*Bounty: 50*

*Bounty: 50*

I have just read a paper [1] in which the authors try to forecast risk of some variable (earnings in this case) by deriving dispersion measures via forecasting quantiles of the respective variable, i.e. forecasted risk equals forecasted dispersion measures. They state that alternatively:

*" […] one could capture conditional variance (dispersion) in future earnings by regressing the squared (or absolute) value of the residuals from an earnings forecasting model on predictor
variables"*

To me, this is a completely new approach that seems to make only limited sense. If a set of predictor variables turns out to significantly impact the above-mentioned residuals, why not just include them in the original model? How does one *"capture conditional variance"*, i.e. model the shape of the future distribution of a variable, via this approach?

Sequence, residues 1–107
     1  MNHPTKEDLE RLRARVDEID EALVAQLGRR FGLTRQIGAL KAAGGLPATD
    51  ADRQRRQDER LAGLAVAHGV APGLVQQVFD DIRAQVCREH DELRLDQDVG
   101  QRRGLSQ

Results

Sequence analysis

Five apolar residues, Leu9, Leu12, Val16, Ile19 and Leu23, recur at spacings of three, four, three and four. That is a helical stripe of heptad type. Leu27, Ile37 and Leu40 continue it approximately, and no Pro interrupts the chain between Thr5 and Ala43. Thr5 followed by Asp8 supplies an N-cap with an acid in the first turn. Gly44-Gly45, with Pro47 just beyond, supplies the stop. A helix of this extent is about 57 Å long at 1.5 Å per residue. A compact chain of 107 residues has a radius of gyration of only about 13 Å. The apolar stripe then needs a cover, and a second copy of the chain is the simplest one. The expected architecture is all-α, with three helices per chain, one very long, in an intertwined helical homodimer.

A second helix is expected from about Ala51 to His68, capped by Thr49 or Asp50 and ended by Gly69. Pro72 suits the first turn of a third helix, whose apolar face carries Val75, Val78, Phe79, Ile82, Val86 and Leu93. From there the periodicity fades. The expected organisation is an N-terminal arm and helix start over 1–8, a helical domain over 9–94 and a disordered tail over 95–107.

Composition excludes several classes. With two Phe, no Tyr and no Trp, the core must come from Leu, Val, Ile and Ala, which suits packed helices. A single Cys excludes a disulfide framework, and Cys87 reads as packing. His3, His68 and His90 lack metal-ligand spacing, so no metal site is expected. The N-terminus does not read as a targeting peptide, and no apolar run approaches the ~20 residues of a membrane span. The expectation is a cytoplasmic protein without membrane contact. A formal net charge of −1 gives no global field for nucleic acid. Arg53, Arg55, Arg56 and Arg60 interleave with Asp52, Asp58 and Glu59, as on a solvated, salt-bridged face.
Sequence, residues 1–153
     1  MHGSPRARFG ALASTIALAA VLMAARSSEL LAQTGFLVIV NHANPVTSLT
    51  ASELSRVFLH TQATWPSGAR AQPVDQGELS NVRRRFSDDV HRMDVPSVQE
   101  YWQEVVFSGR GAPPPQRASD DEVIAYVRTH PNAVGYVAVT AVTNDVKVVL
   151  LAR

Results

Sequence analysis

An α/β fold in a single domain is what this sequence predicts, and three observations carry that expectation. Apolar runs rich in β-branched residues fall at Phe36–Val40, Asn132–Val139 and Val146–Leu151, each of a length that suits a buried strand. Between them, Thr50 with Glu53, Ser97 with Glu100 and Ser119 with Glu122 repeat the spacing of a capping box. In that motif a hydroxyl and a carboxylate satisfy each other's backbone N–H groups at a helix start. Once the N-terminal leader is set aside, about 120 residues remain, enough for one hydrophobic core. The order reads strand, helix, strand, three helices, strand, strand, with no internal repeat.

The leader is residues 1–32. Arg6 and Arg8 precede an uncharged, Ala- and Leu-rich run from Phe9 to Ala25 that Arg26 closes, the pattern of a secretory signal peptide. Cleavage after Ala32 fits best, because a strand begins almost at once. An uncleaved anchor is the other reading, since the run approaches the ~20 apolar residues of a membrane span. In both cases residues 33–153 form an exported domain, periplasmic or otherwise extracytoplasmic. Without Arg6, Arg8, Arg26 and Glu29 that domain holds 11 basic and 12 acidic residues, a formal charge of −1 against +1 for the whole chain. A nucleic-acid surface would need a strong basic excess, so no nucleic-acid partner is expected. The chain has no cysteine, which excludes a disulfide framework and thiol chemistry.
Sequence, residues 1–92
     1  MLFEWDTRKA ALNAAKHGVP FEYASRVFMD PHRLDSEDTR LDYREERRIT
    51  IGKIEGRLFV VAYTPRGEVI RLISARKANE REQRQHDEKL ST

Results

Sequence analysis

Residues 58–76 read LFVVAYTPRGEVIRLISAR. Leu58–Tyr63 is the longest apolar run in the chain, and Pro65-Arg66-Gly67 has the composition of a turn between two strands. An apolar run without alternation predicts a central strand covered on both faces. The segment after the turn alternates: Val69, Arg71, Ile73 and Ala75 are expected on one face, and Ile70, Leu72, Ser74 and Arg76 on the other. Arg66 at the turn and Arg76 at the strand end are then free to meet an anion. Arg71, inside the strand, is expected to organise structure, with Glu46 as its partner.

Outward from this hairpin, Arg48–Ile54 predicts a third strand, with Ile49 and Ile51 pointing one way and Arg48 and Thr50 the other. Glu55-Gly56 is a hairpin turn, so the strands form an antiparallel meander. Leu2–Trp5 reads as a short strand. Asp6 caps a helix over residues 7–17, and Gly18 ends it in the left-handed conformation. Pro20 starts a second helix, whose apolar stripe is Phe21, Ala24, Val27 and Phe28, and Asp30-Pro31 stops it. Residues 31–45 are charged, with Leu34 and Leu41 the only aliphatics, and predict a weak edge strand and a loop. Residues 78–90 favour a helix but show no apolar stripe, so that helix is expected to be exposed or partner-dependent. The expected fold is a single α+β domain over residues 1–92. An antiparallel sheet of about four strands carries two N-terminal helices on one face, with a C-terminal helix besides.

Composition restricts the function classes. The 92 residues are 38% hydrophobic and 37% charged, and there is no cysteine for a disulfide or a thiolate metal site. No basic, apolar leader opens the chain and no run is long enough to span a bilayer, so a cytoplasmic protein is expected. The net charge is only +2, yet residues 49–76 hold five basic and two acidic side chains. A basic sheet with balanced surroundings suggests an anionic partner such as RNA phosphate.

Maybe this is a common practice, which I have not yet heard of. I would be grateful for any comments on this.

[1] Konstantinidi and Pope (2016) Forecasting Risk in Earnings, Contemporary Accounting Research Vol. 33 (2), pp. 487-525.